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What is the Service Mesh?

Recently you may have heard the term ‘service mesh’ crop up more frequently around containers and Kubernetes – this isn’t because it’s a brand-new technology, but rather because Google & IBM backed the release of Istio version 1.0 in July 2018.

I’m Garreth Davies, a cloud consultant at Mobilise Cloud, and I have a keen interest in all things containerised. In this short blog, I’d like to talk to you about the next big thing in the container world; the service mesh.

A bit of history…

Not too long ago, the traditional approach to designing and building applications was to build big and deploy tightly coupled services to large pieces of infrastructure. Developers would have to write extensive sets of code to handle the communication across networks to allow applications to talk to each other. This didn’t make a lot of sense since an application shouldn’t have to worry about retries and routing mechanisms, developers shouldn’t have to write lines of code that would be duplicated over and over again. So, this network layer was abstracted out into a common set of libraries and principles that we use today (APIs, protocols etc.).

The present…

Move forward to the containerised era where an application may consist of hundreds of services; each service having a large number of instances – where instances may be in a constantly-changing state as they’re scheduled by the likes of Kubernetes. Implementing networking between these services is incredibly complex and we are now starting to see the same patterns of code creep back into application code; retries of requests, load balancing, flow control and all those classic problems.

The Future…

 

So, what ‘The Service Mesh’ promises to do is to abstract these problems away from developers writing code for distributed systems utilising microservices. Moving this logic away from applications and implementing a controlled stack allows for a uniform set of protocols that can be utilised across all of your applications. This enables developers to focus on the critical parts of the application rather than getting bogged down on communication challenges.

Is there more than one service mesh?

There are four main open-source service mesh products available, listed in order of release date, these are:

  • Linkered (pronounced ‘linker-dee’) – written in scala and un on the JVM was released in February 2016.
  • Envoy – High performance C++ application proxy.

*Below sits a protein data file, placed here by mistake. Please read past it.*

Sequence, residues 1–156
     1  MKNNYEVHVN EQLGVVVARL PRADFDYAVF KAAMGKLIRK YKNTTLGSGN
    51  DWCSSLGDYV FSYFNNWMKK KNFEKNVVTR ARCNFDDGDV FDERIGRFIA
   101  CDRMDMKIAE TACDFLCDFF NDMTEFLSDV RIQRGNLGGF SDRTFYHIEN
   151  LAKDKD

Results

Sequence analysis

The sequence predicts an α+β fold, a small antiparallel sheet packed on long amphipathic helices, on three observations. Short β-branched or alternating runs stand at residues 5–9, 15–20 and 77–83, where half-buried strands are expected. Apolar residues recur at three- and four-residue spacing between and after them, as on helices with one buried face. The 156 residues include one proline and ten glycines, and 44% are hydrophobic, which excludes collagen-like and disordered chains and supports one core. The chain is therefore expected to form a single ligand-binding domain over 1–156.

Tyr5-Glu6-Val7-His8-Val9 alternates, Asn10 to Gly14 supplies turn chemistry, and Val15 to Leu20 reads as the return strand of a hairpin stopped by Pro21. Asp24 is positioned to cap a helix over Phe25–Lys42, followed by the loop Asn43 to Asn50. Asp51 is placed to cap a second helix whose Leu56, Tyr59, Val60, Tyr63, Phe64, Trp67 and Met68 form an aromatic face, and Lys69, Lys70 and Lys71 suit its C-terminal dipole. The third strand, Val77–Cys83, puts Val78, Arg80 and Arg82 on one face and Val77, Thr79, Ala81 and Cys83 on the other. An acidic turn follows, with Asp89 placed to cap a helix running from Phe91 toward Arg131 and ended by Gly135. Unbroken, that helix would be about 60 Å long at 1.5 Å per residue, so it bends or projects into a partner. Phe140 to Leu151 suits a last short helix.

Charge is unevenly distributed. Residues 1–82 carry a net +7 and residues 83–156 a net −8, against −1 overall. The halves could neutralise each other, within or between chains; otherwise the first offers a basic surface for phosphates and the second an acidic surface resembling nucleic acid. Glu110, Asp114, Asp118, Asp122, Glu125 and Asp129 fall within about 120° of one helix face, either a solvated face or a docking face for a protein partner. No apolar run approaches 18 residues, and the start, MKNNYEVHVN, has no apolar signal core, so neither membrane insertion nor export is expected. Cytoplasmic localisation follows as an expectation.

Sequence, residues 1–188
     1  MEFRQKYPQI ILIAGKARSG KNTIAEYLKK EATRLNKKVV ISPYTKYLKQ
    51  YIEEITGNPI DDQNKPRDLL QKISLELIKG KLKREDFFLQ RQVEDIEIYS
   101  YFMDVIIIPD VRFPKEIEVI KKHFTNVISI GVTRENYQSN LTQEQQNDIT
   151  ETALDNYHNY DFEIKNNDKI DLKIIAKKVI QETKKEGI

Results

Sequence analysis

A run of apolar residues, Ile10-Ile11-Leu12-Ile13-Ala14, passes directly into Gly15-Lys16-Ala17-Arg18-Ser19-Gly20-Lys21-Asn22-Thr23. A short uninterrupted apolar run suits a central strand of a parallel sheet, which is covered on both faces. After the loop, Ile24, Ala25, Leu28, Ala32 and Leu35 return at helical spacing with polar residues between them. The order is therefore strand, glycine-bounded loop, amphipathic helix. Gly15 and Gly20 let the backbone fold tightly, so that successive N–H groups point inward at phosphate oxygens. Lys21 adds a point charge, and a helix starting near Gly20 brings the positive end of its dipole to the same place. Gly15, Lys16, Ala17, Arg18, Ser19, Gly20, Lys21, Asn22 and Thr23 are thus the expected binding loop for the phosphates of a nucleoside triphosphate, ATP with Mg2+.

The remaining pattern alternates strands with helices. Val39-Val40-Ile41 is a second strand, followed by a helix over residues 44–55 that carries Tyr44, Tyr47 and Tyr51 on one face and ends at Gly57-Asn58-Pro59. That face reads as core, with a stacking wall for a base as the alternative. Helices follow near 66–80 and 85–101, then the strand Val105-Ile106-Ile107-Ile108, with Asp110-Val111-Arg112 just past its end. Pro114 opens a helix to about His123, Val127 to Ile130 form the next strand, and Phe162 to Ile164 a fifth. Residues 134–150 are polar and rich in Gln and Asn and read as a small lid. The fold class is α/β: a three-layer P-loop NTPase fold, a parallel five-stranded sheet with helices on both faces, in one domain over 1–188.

• Istio – Written in GO and backed by IBM & Google, first released in May 2017 and later version 1.0 (production ready) released in July 2018.
  • Conduit – Written in Go and released in December 2017.

Who is driving the service mesh movement?

It’s still a relatively new principle of working with microservices, but the service mesh offers so many benefits that it’s hard to ignore. Recently Google Cloud CTO Urs Hölzle stated:

“My expectation would be, 90% of Kubernetes users use Istio two years from now. It’s such a natural fit to what Kubernetes provides, it almost feels like the next iteration of Kubernetes. It’s done by the same team, the two work well together.”

Google & IBM believe there will be a sharp increase in the use of Istio as more companies look to move their services to the cloud. Rather than perform lift and shifts of applications to public cloud platforms the belief is that companies will transform their applications as part of the migration journey. It requires relatively small amounts of reprogramming in order to implement Istio into existing microservice architectures – opening up a wealth of benefits.

Istio benefits

  • Automatic zone-aware load balancing and failover
  • Secure service to service authentication with strong identity assertions
  • Fine grained control of traffic behaviour; routing rules, fault tolerance and fault injection.
  • Pluggable policy layer and configuration API supporting access controls, rate limits and quotas.
  • Migrating from VMs to Kubernetes is challenging but Istio can significantly de-risk and accelerate this work by easing the implementation of capabilities such as mutual TLS.
  • Minimal overhead added to your system while providing increased developer efficiency and speed.

It’s still early days for the service mesh, but with the likes of Google and IBM weighing into the picture – it must only be a matter of time before more companies start picking services like Istio as part of their Kubernetes offering.

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